That has made Ms. Jin a champion in the influencer industry. She said that as she watched creators struggle to make a living online, she also saw great potential in online work and creators as a business.
Influencers say her affirmation means a lot. “The fact that she works at a big company and says these things feels like, ahh, someone is finally saying it,” said YouTube star Mr Green.
As the coronavirus pandemic hit last year and the world was increasingly pushed online, Ms. Jin recognized an opportunity.
“I feel like Covid will be a tool to promote online jobs and people who want to be entrepreneurs,” she said. “I realized I had the opportunity to start an entirely new fund for this thesis and that fund would be at the forefront of advancing the nature of internet work and labor.”
In May 2020, she left Andreessen Horowitz and started Atelier Ventures. Since then, she has invested in creator-related startups like PearPop, which allows influencers to profit from their social interactions, and Stir, which helps creators manage their wealth. their main. She’s one of the few investors whose big influencers know by name.
“If you talk to anyone who works in the creative economy, they say, ‘Oh, you have to talk to Li Jin,’ a creator accompanied by Jasmine Rice, 23, a former photographer. influence of OnlyFans, who started a platform called Fanhouse that Ms. Jin invested in last year.
Ms. Jin has also publicly criticized the funds that YouTube, Facebook, TikTok and Snapchat provide influencers to make content for their platforms. She begged the tech industry.”stop celebrating“Funds, call them”bread and circus“And argue that creators need ownership of the platforms that already monetize them.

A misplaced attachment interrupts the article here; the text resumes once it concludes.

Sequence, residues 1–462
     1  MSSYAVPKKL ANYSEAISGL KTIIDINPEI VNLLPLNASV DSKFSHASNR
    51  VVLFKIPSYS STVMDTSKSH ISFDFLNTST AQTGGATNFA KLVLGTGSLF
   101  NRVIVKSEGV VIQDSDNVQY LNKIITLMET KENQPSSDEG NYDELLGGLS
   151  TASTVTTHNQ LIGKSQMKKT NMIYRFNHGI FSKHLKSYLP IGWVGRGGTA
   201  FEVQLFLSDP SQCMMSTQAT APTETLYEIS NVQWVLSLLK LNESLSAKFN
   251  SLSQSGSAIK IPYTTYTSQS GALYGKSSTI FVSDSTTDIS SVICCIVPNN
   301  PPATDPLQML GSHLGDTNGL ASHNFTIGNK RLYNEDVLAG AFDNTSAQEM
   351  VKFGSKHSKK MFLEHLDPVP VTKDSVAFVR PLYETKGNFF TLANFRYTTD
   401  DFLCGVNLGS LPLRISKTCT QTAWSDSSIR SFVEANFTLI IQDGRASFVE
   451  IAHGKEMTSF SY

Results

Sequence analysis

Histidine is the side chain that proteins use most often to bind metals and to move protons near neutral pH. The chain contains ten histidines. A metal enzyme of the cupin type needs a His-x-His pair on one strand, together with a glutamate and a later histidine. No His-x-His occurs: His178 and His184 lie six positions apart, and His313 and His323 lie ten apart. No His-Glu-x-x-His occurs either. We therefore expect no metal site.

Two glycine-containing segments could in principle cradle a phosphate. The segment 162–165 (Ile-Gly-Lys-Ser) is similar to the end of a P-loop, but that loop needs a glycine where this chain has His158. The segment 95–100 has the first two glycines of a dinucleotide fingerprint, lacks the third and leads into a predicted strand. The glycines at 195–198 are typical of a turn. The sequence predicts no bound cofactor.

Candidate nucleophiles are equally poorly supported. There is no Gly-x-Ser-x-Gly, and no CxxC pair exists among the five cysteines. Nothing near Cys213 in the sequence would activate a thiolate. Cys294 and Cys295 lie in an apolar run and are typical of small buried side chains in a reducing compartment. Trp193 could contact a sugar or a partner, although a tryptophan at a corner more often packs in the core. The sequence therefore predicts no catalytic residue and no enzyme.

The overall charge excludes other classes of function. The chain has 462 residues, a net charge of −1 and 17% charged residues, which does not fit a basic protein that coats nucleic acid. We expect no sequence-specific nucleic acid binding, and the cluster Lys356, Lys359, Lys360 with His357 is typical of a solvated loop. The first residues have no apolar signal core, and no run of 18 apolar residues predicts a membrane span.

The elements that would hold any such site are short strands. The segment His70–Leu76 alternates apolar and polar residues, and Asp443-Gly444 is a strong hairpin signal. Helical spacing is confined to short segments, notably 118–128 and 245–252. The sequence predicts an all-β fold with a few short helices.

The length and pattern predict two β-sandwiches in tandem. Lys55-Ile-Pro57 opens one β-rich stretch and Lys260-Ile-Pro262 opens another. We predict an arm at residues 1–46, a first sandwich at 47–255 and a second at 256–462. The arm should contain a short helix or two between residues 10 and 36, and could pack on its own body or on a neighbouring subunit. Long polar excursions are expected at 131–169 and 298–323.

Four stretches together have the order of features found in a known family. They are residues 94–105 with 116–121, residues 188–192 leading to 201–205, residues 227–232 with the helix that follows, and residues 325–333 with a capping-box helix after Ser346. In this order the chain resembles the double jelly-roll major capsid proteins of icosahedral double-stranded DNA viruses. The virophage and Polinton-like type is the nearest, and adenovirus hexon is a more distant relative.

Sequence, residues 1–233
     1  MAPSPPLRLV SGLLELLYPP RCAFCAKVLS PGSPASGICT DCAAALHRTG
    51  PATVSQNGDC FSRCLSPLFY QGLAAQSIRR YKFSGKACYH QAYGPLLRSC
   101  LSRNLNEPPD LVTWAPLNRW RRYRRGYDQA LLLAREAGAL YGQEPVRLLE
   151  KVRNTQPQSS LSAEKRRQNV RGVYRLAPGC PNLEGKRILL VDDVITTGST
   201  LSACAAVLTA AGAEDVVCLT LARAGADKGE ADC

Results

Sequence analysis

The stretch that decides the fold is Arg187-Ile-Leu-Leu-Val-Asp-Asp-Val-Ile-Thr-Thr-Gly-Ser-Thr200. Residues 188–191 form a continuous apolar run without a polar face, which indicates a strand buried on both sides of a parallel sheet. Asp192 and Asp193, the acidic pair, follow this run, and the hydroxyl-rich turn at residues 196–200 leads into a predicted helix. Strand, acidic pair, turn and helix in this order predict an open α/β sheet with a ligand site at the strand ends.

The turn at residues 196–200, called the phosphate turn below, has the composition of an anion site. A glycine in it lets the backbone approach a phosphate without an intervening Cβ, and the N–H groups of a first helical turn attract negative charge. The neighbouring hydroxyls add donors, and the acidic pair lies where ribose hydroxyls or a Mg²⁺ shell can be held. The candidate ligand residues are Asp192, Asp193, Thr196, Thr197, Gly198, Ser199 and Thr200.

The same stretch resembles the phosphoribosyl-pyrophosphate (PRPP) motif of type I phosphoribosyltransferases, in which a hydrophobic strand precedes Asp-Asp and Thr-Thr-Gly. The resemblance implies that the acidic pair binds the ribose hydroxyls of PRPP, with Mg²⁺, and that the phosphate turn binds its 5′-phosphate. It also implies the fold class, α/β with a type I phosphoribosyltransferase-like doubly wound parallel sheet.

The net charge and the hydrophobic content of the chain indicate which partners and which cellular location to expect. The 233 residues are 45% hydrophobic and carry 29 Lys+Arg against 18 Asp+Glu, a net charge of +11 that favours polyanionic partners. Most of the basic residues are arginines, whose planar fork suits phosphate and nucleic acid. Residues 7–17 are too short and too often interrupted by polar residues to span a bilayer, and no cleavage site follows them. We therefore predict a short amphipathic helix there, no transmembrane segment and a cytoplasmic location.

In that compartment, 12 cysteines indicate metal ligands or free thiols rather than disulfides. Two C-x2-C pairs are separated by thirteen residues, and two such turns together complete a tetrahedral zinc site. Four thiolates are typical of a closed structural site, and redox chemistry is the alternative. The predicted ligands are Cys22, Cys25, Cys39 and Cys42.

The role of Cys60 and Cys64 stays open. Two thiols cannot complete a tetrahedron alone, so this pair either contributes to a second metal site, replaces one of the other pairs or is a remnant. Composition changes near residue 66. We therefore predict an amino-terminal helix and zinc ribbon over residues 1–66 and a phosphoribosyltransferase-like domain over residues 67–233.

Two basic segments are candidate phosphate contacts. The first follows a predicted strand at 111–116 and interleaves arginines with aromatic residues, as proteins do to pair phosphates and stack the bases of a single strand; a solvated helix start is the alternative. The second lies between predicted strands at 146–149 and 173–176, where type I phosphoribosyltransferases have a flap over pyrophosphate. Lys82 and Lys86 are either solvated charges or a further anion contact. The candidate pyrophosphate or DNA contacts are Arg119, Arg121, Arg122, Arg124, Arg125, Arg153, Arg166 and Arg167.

“Without ownership, creators are ultimately enriching and empowering *others* – platform owners – with their work,” said Ms. Jin tweeted in June.
Ms. Jin said platforms must be careful not to “create tons of economic disparities that exist in the broader economy than to actually empower a new generation of online entrepreneurs”. She has named a podcast she co-hosts “Creative Media,” a play about Marx’s production medium.
Her views have made her an attractive object in the tech industry and in left-wing political spaces. The replies to her social media posts are rife memes hinted that she was a socialist. Ms. Jin said she mainly enjoys the commotion.
“I am very careful not to use that word, the S word,” she said of socialism. “It’s unnecessarily polarizing in the United States”
Ms. Jin said she has also become a believer in crypto networks because they are decentralized and “aim to transfer control and ownership to their users.” She has started investing in crypto-related platforms, recently backing Mirror, a decentralized publishing platform, and Yield Guild Games, which is building a gaming guild for the “metaverse” to help people in developing countries make money by playing video games. She has also partnered with creators to mint and sell artworks as NFTs or non-soldable tokens.
“My whole life I have had a burning realization,” she says, “the world is not fair and we need to push it in a fair and equitable direction.”
Since founding Atelier Ventures, Jin has moved out of Silicon Valley and pulled her funds out of her childhood bedroom in Pittsburgh. This summer, she’s a nomad, traveling the world surrounded by a changing cast of internet stars, artists, Gen Z tech founders and money pioneers. electronic.
In July, she co-hosted a crowded happy hour on New York City’s rooftops attended by internet and tech-savvy people, including the founders of the NFT platform. OpenSea, product makers from TikTok and Twitter, and other investors. From New York, she flew to Paris to attend a crypto conference and held a “creator salon” at a cafe on the Left Bank.
She then flew to Greece at the invitation of Daniel Ek, CEO of Spotify, and later attended a beach dinner with Emma Watson, Nicky Hilton and others, hosted by Brilliant Minds Foundation.
Last month, she went home to Pittsburgh to regroup and think.
“It is unbelievable that I am here again,” said Ms. Jin, “that I was born in Beijing, spoke Chinese as my first and only language, and something happened that brought me to America. and now I have the tools to be able to have a voice and influence. “